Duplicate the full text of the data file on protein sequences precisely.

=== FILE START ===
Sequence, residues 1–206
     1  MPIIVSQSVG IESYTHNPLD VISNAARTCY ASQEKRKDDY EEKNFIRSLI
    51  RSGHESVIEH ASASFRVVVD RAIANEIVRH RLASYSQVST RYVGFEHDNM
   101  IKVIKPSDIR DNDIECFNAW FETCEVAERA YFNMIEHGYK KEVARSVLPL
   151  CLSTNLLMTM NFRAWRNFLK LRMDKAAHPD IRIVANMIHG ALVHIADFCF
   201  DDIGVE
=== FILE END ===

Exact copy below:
Sequence, residues 1–206
     1  MPIIVSQSVG IESYTHNPLD VISNAARTCY ASQEKRKDDY EEKNFIRSLI
    51  RSGHESVIEH ASASFRVVVD RAIANEIVRH RLASYSQVST RYVGFEHDNM
   101  IKVIKPSDIR DNDIECFNAW FETCEVAERA YFNMIEHGYK KEVARSVLPL
   151  CLSTNLLMTM NFRAWRNFLK LRMDKAAHPD IRIVANMIHG ALVHIADFCF
   201  DDIGVE